There’s an epidemic of mean moms in the entertainment I’m watching. Reese Witherspoon is hilarious as the take-no-prisoners Madeline in Big Little Lies: it’s Elle Woods, 10 years out of Harvard with her J.D. degree gathering dust in one of the many hundreds of rooms in her swank, NoCal beach house, polarizing principals, pupils and—most of all—the other moms at her daughter’s school. Debate her big heart versus her “meanness” all you like but, spoiler alert, someone is killed and the killer is not a man (although he deserved her wrath, for sure).
I just finished watching the elliptically named “Gypsy,” a Netflix series starring Naomi Watts as a Cognitive Behavioral Therapist whose cognition and behavior become increasingly suspect. “Boring, boring, boring,” lamented a Newsday reviewer, who complains that even “the city that never sleeps,” the series’ setting, “manages to doze off in the middle of the never-ending torpor that has become her life.” Agreed, but my point is: Watts’ character is attacked by a cadre of sniping and biting mean moms and she bites back. I also object to her Connecticut home, which somehow has a view of the Tappan Zee Bridge from the backyard.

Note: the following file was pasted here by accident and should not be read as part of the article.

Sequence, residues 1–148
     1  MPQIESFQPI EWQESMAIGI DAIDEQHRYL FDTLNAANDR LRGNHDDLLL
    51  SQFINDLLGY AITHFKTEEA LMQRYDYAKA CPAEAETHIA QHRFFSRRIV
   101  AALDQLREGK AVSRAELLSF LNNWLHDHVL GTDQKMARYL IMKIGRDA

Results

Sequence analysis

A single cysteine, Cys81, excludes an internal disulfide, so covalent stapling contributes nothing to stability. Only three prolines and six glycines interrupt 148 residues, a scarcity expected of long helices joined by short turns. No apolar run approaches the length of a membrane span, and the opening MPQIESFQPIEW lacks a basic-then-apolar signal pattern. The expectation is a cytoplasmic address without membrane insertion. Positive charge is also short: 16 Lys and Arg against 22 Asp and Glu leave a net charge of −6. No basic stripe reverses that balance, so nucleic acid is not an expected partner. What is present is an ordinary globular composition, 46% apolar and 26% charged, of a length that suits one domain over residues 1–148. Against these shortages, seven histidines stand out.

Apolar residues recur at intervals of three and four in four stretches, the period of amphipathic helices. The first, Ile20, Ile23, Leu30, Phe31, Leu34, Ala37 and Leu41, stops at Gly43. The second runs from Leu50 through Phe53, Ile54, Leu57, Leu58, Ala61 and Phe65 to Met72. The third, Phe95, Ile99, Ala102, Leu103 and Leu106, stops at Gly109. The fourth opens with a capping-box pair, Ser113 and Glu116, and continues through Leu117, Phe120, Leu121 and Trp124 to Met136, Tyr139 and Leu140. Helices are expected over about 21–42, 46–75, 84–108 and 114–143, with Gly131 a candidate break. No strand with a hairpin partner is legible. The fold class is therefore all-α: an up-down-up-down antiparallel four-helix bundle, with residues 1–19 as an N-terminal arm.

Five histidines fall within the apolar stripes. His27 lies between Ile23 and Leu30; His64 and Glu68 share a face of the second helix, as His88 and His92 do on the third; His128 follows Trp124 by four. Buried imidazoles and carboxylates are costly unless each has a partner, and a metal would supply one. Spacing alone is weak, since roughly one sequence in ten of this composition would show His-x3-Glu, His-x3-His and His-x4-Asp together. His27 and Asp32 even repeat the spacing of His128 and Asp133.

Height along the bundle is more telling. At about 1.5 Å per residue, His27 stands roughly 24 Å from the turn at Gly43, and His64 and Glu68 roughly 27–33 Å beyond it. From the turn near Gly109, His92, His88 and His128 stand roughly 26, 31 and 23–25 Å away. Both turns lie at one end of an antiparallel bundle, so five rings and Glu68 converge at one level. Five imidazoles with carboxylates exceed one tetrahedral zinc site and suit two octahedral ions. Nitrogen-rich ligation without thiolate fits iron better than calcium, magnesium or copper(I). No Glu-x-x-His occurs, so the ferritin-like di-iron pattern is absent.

Then there’s the shelf full of books about mean moms. A same-named tome written by a daughter “overcoming the legacy of hurt. The comic-book like “Mean Moms Rule: Why Doing the Hard Stuff Now Creates Good Kids Later” — wow, there’s just so much wrong with this book (including a terrible font) that we will set it aside.
And apparently, there’s a Jennifer Aniston vehicle called Mean Moms, that’s reported as stuck in development. Just as well, perhaps.